• Failure to address underlying discrimination. Evidence from Norway suggests that quotas may not change anything about the deeper-rooted problem. For example, many Norwegian companies delisted from the stock exchange at the time quotas were imposed (though some of this may have been due to a contemporaneous modification in rules that changed the requirement that financial firms had to be public). In the early days of the quota implementation, a small group of women called the “golden skirts” came to hold several board positions at different organizations. Quotas merely require a certain number of women to be present in a workplace, and this imposed number can distort the real purposes for promoting gender parity and diversity.

Why quotas could work

Yet, other evidence suggests that concerns about the negative impacts of quotas may be overblown.

  • Fears not realized. In interviews of board members in the US and Europe, it appeared that there is hostility toward quotas in countries that don’t have them and enthusiasm for quotas in countries that do have them.10 In other words, only those who were unfamiliar with quotas thought they were a bad thing. Indeed, when examining the lived experiences of board members in Norway, there was a strong narrative of change.11 While directors in the Norwegian companies had initially strongly opposed quotas, once quotas were imposed by the government, the directors eventually changed their minds. According to these directors, their fears were unfounded, and, after a period of transition, they felt that the increased representation of women on boards actually improved overall governance and decision making. One analogy that some have made is to that of banning smoking in restaurants and bars. These policies – initially vehemently opposed by business establishments as risking financial losses – now are widely accepted and favourably viewed as a public good by almost everyone.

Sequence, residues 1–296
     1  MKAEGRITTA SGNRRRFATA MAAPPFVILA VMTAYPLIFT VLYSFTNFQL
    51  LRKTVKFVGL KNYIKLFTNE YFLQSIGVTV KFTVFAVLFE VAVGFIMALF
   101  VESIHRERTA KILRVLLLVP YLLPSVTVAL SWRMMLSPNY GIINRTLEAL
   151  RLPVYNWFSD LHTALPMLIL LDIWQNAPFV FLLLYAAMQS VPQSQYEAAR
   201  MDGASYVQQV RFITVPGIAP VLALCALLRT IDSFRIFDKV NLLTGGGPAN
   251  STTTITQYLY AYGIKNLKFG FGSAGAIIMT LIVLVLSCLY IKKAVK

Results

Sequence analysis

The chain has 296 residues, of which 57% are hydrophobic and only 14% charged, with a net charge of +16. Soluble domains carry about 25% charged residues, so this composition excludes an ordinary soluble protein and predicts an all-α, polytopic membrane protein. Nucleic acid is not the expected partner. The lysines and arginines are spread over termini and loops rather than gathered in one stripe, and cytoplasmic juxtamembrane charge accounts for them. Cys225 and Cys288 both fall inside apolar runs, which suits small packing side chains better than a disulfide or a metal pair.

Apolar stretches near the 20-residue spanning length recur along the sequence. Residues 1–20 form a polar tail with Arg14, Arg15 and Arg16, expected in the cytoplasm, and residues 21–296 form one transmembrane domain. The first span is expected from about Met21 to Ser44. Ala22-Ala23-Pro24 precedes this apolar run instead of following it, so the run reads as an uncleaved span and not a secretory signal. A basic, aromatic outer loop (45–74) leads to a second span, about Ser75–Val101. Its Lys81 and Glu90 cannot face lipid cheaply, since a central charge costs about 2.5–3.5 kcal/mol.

There is hostility toward quotas in countries that don’t have them and enthusiasm for quotas in countries that do have them

  • No pipeline problem. An initial question about imposing quotas is always: where will we find the women? A survey of more than 1,000 board members found that men attributed the existing imbalance to a lack of women in the candidate pools, whereas women explained it as a function of established closed male networks and biases. While in Norway, there was an initial “golden skirt” effect where a few women held many seats, after a few years this problem resolved itself and now there are many different women represented on the country’s boards of directors. The imposition of quotas led boards to search more creatively and expansively for board members – beyond their Rolodexes – and this dramatically increased the candidate pool.
  • No stigma. Evidence from the Norwegian experience suggests that few female board members who had been beneficiaries of the quotas reported feeling stigmatized or isolated. This was in part because with a 40% quota, women achieved a critical mass on every board. At 40% representation, a group is no longer marginalized. Simply having enough women is a means for countering the potential negative stigma, while adding only one or two women leads to